lauren ruth ward @ zone one (elsewhere)

lauren ruth ward @ zone one (elsewhere)

If you haven’t seen Lauren Ruth Ward yet – no matter what type of music you’re into – you’re 110% missing out. An incredible rock songstress with a slight twang, Lauren Ruth Ward’s music reaches far and wide in its influence. But her live performance is absolutely unheard of, which is why it was so easy for Christie McMenamin to dive in and get photos of this young talent during her recent show at Zone One in some breathtaking lowlight.

quiet slang @ rough trade

quiet slang @ rough trade

Frontman James Alex of Beach Slang brought his stripped-down project, Quiet Slang, to Brooklyn’s Rough Trade on July 9th.

It was a rainy Monday evening, and the show had been rescheduled from a prior date. Given those conditions, Alex was unsure, as he relayed to the audience between songs, how many people would show up. However, those concerns proved to be unfounded as the room was filled with fans hanging on every word.

Unlike Beach Slang shows, which are loud, clamorous, and brash, Quiet Slang is another entity entirely. As heard on Everything Matters But No One Is Listening, Quiet Slang’s debut LP, Alex has taken his work with Beach Slang and reimagined it, doing away with its thrashing, thunderous elements. Instead, Alex takes a sparse, orchestral approach: cello and piano, paired with his gritty vocals, give these formerly driving punk songs space to breathe, resurrecting them with new, balladic life.

This was reflected decoratively, as well. The stage set its own scene with flowers and strings of white lights with makeshift cotton clouds hanging in the distance. The rest of the venue was pitch-black save for a projector screen playing images of ballet dancers. Moving through the set, Alex was all heart from his honest vocals and earnest speeches of appreciation, thanking his fans over and over.

Quiet or loud, Alex delivered his audience an unforgettable night.

tomi @ mercury lounge

tomi @ mercury lounge

On July 11th, TOMI rocked The Mercury Lounge.

Filing in through the front door, the immediate rush of air conditioning was a relief on such a muggy summer evening. Fans made their way first to the bar, then into the stage area, filling the room. As TOMI walked through the crowd, cheers rippled through the audience, making their way from back to front. A magnetic performer, TOMI took possession of the room from the very first note, packing an almost unprecedented power into her wide-ranging vocals. Her music provides the perfect combination of rock and pop: some songs led the audience to dance, others to head-banging. The joy and abandon in the air was just as palpable as the outside heat, and radiated off the talkative TOMI, who spent time in-between songs sharing the stories behind them. Some of these were heartbreaking; she spoke of crying in a locker room at a yoga studio after a breakup, and a former friend suffering from addiction (she doesn’t think he ever heard the song she wrote about him, but she hopes he does at some point and recognizes it). Then, of course, there were some funnier ones, such as working a day job as a secretary in which she had to smile all the time. For her very last song, she delighted the crowd by debuting a new, sparkly guitar named Pam.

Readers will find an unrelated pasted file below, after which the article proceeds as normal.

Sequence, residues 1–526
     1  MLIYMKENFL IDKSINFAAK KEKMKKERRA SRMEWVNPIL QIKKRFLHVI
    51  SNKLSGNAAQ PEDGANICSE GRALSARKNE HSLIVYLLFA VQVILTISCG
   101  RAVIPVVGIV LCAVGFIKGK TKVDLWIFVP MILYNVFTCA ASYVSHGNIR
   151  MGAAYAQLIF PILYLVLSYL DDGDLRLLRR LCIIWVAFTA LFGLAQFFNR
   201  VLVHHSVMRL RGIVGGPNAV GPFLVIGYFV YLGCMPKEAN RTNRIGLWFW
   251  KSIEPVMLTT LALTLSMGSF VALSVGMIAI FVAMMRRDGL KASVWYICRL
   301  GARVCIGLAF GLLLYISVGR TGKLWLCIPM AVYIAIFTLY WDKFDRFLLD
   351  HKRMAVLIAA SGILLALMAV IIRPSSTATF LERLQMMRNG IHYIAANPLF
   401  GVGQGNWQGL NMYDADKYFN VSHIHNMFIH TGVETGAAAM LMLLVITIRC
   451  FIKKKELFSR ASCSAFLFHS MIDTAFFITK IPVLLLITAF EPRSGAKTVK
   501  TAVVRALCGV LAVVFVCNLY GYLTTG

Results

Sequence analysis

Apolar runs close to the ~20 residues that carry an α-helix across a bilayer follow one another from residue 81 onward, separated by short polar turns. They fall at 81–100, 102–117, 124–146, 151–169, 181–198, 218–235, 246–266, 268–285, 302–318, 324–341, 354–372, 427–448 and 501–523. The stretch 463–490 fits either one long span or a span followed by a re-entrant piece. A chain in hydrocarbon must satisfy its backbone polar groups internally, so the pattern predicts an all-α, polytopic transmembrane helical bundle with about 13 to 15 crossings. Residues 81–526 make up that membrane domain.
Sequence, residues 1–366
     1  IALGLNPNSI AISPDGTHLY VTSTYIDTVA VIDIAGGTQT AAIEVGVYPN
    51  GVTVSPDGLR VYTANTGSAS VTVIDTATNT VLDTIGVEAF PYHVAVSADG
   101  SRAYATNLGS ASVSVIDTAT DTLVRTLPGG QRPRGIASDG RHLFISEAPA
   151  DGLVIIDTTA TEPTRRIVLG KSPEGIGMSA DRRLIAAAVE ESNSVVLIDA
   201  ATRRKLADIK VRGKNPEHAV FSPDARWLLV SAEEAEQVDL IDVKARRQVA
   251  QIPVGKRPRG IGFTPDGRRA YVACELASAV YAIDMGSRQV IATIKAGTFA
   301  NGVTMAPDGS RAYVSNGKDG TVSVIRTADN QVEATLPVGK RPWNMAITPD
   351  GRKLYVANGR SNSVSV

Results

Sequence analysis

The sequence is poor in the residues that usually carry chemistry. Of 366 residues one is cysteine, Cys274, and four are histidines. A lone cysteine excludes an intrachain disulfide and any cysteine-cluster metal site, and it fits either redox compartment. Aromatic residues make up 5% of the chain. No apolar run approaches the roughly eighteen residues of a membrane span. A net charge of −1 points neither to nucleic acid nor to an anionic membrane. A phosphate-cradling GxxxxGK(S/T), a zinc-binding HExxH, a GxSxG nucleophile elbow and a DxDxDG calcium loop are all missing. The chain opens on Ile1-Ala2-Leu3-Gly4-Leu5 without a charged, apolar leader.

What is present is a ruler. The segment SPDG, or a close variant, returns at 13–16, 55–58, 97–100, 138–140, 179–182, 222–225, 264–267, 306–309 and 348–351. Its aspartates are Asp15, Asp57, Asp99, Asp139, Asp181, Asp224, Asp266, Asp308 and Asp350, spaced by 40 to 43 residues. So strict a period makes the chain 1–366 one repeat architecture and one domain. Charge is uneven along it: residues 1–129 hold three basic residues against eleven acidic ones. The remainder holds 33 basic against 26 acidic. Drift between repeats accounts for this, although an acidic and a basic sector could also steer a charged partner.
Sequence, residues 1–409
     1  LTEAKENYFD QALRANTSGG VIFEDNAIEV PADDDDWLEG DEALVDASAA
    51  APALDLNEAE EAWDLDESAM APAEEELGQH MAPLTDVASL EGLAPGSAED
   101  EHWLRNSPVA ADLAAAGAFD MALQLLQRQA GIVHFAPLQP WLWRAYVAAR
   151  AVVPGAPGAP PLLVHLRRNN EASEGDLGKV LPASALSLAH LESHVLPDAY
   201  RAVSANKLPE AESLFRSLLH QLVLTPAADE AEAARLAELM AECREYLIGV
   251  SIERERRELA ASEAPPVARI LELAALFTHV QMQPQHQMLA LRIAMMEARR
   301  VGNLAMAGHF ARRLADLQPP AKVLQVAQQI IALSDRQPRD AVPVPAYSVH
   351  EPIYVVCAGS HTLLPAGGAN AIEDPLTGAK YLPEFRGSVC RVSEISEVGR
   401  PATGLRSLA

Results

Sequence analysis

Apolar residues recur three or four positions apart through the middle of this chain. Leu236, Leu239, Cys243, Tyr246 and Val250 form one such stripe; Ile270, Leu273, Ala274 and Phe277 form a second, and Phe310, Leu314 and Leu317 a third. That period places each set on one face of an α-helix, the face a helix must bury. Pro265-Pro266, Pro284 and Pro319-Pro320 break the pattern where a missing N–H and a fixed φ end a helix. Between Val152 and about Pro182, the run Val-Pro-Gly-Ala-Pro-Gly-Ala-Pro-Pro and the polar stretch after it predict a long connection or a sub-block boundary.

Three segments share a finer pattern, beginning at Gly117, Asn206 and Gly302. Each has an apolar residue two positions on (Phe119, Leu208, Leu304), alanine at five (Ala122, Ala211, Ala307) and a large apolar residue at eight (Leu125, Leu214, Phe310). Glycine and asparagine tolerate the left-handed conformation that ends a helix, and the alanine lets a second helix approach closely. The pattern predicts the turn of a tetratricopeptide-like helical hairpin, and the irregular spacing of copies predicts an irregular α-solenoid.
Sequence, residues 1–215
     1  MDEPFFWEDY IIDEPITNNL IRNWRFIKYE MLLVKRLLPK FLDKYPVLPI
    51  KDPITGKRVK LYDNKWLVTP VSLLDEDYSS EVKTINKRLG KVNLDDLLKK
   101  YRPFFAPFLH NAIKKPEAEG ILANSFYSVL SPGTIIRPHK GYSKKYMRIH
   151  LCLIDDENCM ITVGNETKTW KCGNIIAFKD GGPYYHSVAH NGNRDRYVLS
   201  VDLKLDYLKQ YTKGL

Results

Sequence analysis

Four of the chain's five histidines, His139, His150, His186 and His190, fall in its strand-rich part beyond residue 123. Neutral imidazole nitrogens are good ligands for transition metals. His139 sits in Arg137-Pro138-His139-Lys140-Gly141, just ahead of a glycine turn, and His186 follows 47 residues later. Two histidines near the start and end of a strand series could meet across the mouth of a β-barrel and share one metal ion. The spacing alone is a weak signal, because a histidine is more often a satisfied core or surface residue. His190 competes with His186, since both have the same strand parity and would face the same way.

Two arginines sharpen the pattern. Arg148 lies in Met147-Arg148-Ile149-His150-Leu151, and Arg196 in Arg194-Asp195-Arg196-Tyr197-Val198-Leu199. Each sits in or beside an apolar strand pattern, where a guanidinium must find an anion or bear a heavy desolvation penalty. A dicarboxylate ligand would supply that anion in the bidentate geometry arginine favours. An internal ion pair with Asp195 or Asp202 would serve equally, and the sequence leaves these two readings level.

It’s clear that for TOMI, the Mercury Lounge and her latest EP, What Kind of Love, is only the beginning.

ciaran lavery @ rockwood music hall

ciaran lavery @ rockwood music hall

Ciaran Lavery, an Irish singer/songwriter, performed an intimate solo set at New York City’s Rockwood Music Hall on June 22nd.

Playing to a small, darkened room, a reverent silence took hold of the audience the moment Lavery began his first song. Switching back and forth between acoustic guitar and piano, his sparse accompaniments allowed his gentle, hushed voice to soar. With introspective, narrative lyrics, Lavery is a poetic storyteller. His ballads pull at your heartstrings, his words run the gamut of emotional experience. As a performer, he makes meaningful eye contact with each member of his audience, drawing his listeners further into his world.

In-between songs, Lavery continued his stories, revealing his sense of humor. Speaking of nervousness on an airplane, he once tried to relax by watching, as a dog lover, Marley and Me. He wasn’t, however, aware of the ending. Lavery also had a revelation while listening to the radio on a long drive, attempting to figure out the meaning of the genre “soft rock.” With a creeping sense of dread, he put it together: he is soft rock. Lavery easily pulled laughs from his listeners’ throats as he framed simple, universal experiences as ones of casual mirth.

More info about Lavery can be found here.